theaussieword.com goes one on one with Marshall from The Tin Man.
Tell us how it all started. What had you first interested in music?
Music has been in my life as long as I can remember. I grew up taking piano lessons, singing in church musicals, and listening to the Beach Boys on my parents’ record player. My mom would sing to me a lot growing up too, so there was always music in my life.
What motivates or influences you in your quest to make great music?
I’m influenced by all sorts of things in the realms of relationship and life experiences. But the motivation question is particularly interesting. As an only child I’ve always felt slightly out of place. Like I never quite fit in. But when I’m playing music I’ve written for an audience, there’s a deep connection that happens. One that makes me feel a part of something bigger. Sharing our hopes and struggles. That’s a big motivation for me to keep doing this.
What are your biggest goals you hope to accomplish as an artist?
I don’t have massively grandiose goals as an artist. Ideally I want to be able to tour the US selling out 500-600 capacity venues. I’d also love to have a song or two licensed in a movie since I’m a big movie buff. And while we’re at, opening up for someone at Red Rocks wouldn’t suck either.
Success, what is the secret to it?
Research + Strategy + Hard Work + Flexibility. I have a very specific strategy plan for my music career that came from a lot of research into how bands grow their following. It takes a lot of time and hard work, but you also have to be flexible and know when the plan needs to shift a little bit, you can’t be stubborn either.
What has been your biggest career highlight so far?
There have been a few, but being featured by NoiseTrade which was a big deal to me. I love what they’re doing for new and existing artists, so to have been tapped by their A&R for a feature was a big honor to me.
Which stars of the music industry do you find inspiring?
I’ve always been drawn to the stars who have navigated long careers and also moved them into different entertainment segments. Justin Timberlake, Adam Levine, Dr. Dre, Jay-Z. They’re not only successful artists, they’re successful businessmen, actors, advocates, etc.
The music industry is huge, where do you see yourself a few years from now?
A few years from now I’d love to be touring the country playing those 500 cap rooms, hitting the major festivals, and hopefully even making it over to Europe to play some songs. I love playing live and touring, so I hope to be doing much more of that in a few years.
The shape of the music industry has changed significantly over the years, including the use of social media, how do you feel about the industry as a whole and what does it mean to you in getting your records out into the public eye?
The democratization of distribution has made it possible for anyone to get their music out there. There’s positive and negative things about that. I’m thankful that I’m pursuing music in a time where there is no barrier to entry with making my music available. And thanks to social media, I can even find and connect with the folks who will like my music the most. It takes a lot of time and thought, but the tools are there to build a loyal following without a label. Even though it can be daunting at times, I find it very exciting.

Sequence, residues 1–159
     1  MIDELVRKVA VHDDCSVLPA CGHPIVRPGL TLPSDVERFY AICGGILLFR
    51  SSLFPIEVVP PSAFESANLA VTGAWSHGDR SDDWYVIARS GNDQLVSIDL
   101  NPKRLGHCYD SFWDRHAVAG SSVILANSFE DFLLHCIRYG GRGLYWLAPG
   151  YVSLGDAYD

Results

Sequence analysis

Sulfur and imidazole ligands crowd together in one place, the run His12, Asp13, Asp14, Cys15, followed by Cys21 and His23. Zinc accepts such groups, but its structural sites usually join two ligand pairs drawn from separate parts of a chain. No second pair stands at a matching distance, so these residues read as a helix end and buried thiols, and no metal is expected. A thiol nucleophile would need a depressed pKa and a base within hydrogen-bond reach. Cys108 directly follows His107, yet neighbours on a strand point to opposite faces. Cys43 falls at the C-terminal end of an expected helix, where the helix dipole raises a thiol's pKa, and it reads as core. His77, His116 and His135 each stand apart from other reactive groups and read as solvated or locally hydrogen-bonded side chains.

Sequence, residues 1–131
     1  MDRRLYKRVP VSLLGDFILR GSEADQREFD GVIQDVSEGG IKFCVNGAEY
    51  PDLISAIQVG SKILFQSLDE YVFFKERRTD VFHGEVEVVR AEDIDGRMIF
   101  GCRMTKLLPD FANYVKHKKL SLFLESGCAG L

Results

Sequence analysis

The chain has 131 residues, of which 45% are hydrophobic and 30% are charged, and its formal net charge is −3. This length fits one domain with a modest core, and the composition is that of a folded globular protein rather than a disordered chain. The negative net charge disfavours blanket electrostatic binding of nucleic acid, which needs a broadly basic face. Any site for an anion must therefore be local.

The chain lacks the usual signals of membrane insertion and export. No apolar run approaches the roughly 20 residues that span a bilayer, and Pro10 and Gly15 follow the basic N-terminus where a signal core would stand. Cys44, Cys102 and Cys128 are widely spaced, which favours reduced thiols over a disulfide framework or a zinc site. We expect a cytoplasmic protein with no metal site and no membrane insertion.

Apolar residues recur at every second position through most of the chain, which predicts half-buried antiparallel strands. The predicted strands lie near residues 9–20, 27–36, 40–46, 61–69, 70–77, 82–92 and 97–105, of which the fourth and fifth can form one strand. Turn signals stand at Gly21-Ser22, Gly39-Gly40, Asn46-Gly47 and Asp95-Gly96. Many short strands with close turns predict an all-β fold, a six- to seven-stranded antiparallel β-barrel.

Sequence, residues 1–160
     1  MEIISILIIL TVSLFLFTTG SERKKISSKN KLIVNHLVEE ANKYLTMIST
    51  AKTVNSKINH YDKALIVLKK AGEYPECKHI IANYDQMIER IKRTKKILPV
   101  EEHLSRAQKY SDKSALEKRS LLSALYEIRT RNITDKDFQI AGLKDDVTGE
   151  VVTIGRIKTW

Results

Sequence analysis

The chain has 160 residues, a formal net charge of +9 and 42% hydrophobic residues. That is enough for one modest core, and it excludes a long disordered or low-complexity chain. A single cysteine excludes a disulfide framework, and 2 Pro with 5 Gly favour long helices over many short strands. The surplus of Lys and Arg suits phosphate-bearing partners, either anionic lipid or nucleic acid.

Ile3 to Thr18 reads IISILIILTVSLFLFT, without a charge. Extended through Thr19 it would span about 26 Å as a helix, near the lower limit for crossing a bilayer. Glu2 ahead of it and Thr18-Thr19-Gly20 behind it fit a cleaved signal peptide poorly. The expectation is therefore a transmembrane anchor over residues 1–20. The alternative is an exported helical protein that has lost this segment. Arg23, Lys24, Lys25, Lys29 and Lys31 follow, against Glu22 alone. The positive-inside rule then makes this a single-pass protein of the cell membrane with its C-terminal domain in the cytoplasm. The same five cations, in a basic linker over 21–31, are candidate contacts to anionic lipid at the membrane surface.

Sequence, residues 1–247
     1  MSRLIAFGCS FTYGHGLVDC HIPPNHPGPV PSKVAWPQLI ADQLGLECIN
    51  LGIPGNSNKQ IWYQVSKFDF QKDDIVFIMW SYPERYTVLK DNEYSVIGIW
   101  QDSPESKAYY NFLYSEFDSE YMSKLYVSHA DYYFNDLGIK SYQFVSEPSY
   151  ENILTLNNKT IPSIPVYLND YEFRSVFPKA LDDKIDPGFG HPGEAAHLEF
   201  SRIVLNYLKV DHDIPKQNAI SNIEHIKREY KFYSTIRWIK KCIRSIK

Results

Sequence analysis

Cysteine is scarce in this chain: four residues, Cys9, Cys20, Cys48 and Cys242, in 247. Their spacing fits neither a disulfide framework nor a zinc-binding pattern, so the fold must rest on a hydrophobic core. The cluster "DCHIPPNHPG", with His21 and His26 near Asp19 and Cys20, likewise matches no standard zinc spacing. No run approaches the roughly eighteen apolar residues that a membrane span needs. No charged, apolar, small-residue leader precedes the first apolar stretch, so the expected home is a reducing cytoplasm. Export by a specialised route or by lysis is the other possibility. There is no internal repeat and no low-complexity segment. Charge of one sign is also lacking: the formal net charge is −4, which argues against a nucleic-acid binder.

Name a few of your favourite Aussie artists.
Two of my favorite Aussie artists are Keith Urban and the John Butler Trio. They’re amazing musicians, there’s something you unique of their styles of music. Keeps me coming back.
What can we expect from you in the coming months? Any plans to tour?
This fall I’d like to hit a couple cities. For example, I’ll be playing Rockwood Music Hall in New York, NY on November 2nd, which is one of my favorite rooms to play. I’m also planning to hit the studio with some dear friends of mine and record an acoustic version of my debut EP. I’m not ready to release the new songs I’ve been working on, but I think acoustic versions of the songs on the EP will be really interesting. Each one will feature a different artist I’m friends with.
Tell us a bit about your latest record, how would you best describe your music?
My music is more of a melting pot for genres. You can hear country, blues, rock, funk, pop, folk… I call it Anthemic Americana because of its big, cinematic appeal.
Do you have any new projects in the pipeline?
Well, there’s the acoustic version of the EP. But I’ve also been working on a web series idea over the past year that I’m really excited about. We’re talking with distributors right now and will start shooting this winter. The whole thing is scripted, but it features three real life singer/songwriters, myself included. We’ve all had different struggles in pursuing our music, and it turns out those struggles make for great TV!
Thanks for the interview! What final message do you have for us today?
Well, as a former lawyer and tech entrepreneur, my final message would be this: if you have a dream… if you know what would make you happy to do every day, then figure out a way to do that. It’ll take time and effort, but there’s a way. I’m a big proponent of people pursing their true passions.